When our friend Sharon told us in August she’d booked a yurt for us to sleep in in February, it seemed far off and harmless.
When we pulled up to the trailhead in an alpine meadow with almost no mountains in view, the yurt seemed far off and well…
Rosie was stoked from the get-go
The yurt was a mostly flat 3 mile approach and we set off in some nice late afternoon light. We hauled extra gear using a sled, some rope, PVC pipe, and some bungees. We were in this for the glamping.
Working on my vertical panoramas on the way to the yurt But, we still had a ways to go. We arrived at the yurt just after dark and just in time to help the other city slickers not smoke themselves out of the yurt 🙂
Yurt life is simple. Burn wood, melt snow, eat and drink the plentiful treats you hauled in, and oh, let’s go skiing.
We awoke the next day to mostly cloudy skies, but were dissapointed to see that we were still not really close at all to mountains. We could see some off in the distance though, so off we went.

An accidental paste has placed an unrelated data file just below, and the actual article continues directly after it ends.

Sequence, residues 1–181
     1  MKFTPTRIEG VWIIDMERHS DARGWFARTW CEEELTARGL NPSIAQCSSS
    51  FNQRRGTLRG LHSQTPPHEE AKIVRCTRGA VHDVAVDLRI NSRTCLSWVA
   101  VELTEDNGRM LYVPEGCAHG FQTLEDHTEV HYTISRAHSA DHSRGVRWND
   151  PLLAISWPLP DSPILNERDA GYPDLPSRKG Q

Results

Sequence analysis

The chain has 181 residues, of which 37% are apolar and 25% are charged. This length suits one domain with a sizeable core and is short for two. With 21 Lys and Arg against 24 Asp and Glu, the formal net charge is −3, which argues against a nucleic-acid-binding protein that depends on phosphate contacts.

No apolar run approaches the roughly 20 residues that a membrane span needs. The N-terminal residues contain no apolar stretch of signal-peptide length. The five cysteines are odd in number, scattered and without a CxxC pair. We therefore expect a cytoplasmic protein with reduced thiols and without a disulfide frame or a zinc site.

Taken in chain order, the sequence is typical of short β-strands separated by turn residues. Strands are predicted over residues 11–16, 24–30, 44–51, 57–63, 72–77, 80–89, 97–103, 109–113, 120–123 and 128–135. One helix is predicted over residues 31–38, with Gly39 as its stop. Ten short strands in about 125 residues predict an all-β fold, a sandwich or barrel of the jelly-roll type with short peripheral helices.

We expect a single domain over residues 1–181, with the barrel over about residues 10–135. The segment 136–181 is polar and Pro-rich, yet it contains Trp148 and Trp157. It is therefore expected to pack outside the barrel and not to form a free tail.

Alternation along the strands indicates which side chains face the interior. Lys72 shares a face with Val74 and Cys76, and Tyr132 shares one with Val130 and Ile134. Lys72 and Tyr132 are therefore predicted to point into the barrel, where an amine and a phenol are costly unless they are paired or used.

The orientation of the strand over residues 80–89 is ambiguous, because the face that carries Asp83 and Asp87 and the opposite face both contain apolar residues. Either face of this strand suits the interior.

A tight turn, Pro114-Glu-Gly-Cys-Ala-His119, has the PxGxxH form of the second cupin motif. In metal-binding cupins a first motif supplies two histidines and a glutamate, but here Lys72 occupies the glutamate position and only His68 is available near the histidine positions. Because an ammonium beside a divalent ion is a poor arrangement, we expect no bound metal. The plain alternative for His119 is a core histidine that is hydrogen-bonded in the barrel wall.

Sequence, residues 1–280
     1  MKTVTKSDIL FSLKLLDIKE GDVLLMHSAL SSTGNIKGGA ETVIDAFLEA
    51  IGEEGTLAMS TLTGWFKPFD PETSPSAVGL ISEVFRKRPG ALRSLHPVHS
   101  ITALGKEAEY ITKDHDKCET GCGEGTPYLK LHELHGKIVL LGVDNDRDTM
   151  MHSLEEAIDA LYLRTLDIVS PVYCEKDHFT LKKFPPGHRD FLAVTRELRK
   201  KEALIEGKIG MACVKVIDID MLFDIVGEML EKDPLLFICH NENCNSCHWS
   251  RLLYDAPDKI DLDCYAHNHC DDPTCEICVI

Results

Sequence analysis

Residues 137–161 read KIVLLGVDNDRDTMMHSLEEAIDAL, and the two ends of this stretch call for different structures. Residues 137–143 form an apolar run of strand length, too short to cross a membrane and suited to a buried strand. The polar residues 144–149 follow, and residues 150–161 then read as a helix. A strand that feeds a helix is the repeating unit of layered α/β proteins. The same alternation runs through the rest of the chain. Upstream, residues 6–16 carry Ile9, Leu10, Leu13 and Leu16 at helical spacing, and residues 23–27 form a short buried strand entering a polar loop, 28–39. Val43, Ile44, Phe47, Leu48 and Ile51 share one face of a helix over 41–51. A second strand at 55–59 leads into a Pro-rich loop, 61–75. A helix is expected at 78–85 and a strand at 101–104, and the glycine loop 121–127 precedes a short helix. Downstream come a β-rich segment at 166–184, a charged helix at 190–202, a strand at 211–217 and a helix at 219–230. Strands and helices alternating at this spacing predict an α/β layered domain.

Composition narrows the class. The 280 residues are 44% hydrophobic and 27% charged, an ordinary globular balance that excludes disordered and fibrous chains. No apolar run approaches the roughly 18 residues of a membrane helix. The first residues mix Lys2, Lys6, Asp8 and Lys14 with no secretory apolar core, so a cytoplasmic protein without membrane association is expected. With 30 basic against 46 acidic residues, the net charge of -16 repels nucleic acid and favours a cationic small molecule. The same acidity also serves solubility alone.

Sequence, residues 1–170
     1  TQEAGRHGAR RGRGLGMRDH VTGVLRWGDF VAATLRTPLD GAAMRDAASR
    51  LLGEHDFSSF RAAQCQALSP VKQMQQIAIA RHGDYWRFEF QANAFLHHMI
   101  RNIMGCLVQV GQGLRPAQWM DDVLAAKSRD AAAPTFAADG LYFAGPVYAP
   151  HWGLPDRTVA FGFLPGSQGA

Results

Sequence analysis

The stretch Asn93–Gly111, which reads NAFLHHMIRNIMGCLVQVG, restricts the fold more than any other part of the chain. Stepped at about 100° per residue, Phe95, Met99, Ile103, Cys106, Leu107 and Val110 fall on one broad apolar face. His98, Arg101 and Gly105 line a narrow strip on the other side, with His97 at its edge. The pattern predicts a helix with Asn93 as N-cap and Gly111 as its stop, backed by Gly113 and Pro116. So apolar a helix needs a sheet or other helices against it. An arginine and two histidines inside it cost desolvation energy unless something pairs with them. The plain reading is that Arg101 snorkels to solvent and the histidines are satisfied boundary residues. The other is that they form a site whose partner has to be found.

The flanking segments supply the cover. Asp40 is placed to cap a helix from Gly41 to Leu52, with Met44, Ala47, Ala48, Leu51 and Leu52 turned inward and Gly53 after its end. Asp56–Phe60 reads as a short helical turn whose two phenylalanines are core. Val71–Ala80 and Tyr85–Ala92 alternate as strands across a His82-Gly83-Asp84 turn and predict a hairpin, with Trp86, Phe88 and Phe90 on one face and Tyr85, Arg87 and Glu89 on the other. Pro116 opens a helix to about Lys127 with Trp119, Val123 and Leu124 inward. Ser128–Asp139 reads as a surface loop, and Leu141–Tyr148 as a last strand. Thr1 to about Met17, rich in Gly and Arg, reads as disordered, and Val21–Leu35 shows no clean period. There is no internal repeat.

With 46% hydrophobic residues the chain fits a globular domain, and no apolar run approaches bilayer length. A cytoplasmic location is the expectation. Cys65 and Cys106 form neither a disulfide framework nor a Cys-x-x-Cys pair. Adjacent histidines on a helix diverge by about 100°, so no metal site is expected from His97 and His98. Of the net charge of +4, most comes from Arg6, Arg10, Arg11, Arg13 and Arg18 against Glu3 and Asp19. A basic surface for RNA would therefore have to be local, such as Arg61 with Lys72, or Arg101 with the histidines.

We set our sights on the large mountain center of this photo. As we got closer it became clear that this goal was a bit farther than we’d anticipated. At the subridge ahead, we decided a test-run was in order.
We found a foot of storm snow on top of 6 inches of nothingness, on top of a crust below. The hollow snowpack was hardly confidence inspiring, but we figured we’d give it a shot.
In real life it was pretty challenging, hollow conditions. Not quite the gnar, but we’d gone skiing and the yurt life was looking real good.
Rosie’s tail was a waggin
Yurtin! It’s fun. Next time, at the bottom of a ski run, preferably with a Snowmobile tow in.